The bad news is that Doug Boyack is hanging up his robe after nearly 20 years on the Tuolumne County Superior Court bench.
The good news is that Boyack is putting that robe back on almost every day, as a state-assigned judge filling his own vacancy. He’ll continue to do so until Gov. Jerry Brown appoints a permanent replacement, and that could be months or even a year away.
Even after that, Judge Boyack may fill in on occasion, both here and in counties around the state.
Yes, after two decades on the bench and another 14 as a prosecutor with the District Attorney’s Office, the 63-year-old jurist deserves a rest. But we’re happy he’s sticking around awhile longer, because this soft-spoken, thoughtful man seems ideally suited to the job.
Some stories hit on a visceral level.
A vandal’s wanton rampage through a hallowed and historic Sonora cemetery or the unconscionable neglect that left a Copperopolis couple’s horses filthy, malnourished and sick, both in the headlines this week, are among them.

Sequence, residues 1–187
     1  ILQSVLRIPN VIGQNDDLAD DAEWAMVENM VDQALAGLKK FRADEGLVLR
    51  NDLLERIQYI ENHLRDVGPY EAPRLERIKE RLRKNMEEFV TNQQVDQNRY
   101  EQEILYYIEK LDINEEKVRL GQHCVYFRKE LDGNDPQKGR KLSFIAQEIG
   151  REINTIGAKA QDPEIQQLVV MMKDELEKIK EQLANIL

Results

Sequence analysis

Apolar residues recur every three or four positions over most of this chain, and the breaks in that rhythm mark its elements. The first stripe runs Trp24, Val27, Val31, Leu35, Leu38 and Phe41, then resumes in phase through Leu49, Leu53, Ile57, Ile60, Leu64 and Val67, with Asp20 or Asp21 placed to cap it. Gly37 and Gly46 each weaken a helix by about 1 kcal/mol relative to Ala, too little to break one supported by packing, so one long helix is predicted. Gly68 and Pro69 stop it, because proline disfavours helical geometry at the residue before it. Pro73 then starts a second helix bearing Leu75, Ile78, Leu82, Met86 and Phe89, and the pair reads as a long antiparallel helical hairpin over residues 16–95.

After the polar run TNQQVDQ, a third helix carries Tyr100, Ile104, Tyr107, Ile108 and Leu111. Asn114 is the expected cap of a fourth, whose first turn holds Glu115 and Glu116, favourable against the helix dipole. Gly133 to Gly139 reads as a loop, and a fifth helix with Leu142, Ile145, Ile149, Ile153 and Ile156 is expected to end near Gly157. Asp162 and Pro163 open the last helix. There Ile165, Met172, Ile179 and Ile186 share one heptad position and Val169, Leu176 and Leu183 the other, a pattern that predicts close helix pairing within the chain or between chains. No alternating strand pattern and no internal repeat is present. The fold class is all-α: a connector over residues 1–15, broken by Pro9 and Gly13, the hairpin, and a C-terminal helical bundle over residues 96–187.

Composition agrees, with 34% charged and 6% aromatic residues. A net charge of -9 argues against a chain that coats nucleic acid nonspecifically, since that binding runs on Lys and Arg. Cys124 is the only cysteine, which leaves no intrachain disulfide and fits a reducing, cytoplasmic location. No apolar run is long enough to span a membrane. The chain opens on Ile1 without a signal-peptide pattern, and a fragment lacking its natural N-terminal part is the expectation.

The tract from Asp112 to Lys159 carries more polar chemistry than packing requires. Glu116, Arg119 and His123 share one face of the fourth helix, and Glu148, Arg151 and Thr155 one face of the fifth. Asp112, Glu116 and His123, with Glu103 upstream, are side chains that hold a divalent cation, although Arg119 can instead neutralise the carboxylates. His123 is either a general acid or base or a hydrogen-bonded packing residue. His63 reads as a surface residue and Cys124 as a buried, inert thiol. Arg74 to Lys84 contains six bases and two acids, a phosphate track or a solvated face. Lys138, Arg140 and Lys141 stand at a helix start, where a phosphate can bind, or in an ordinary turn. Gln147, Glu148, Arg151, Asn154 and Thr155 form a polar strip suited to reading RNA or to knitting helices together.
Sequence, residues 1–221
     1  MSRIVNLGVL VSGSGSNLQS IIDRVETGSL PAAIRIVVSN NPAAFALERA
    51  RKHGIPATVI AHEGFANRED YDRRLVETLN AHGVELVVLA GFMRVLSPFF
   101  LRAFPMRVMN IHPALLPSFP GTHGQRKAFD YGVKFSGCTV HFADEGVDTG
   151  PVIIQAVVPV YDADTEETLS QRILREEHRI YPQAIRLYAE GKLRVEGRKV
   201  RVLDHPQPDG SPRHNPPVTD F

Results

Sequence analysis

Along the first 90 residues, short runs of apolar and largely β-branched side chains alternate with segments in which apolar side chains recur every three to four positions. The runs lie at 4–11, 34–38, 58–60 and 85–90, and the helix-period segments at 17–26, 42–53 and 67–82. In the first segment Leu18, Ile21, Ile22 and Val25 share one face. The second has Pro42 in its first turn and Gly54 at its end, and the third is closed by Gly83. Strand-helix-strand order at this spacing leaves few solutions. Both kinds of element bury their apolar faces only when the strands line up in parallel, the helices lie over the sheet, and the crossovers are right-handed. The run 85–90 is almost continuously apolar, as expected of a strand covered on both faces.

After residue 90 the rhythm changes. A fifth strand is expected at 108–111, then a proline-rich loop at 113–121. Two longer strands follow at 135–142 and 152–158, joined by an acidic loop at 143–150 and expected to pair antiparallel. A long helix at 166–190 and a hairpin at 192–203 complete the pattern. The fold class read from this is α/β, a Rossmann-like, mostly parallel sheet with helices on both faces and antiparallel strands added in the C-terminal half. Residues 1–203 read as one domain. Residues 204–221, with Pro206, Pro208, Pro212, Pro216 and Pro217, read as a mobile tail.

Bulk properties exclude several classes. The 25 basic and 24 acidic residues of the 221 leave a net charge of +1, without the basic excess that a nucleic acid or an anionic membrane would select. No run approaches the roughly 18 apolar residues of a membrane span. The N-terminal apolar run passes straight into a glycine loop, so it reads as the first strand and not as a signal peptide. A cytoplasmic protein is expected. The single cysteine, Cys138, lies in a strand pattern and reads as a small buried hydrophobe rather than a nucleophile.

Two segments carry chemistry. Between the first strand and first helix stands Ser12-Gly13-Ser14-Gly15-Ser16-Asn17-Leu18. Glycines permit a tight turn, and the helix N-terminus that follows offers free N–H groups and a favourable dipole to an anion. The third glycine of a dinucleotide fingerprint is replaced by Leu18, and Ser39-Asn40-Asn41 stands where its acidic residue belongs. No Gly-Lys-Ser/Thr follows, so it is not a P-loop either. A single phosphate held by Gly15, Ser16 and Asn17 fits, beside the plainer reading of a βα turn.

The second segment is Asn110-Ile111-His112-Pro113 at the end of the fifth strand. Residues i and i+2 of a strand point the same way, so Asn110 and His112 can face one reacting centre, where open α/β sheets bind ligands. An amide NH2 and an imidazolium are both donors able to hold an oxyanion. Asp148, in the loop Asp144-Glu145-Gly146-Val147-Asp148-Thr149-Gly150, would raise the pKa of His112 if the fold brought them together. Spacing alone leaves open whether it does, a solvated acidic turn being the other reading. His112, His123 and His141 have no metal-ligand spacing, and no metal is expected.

We don’t step back and objectively appraise stories like these, slowly forming opinions.
Instead, our reactions are immediate, emotional and powerful: disbelief, revulsion, outrage. Our stomachs turn and blood rushes to our heads as we struggle — and fail — to make sense of what we just read.
The all-pervasive nature of the ongoing recession and ever-worsening state budget crisis is evidenced by Sonora’s fate.
Historically, the city has been like Switzerland, a fiscal rock seemingly immune to the financial winds that have buffeted the counties, schools and special districts around it. City government has been responsible, conservative and solvent. Look at a graph mapping past municipal income and expenditures, and there’s either no gap or there’s daylight in the form of annual surpluses.
Constituents, in fact, have so trusted the Sonora City Council and staff that they in 2004 voted in a sales tax hike to bolster police and fire protection. And last year, they approved an increase in the city’s hotel-motel tax.
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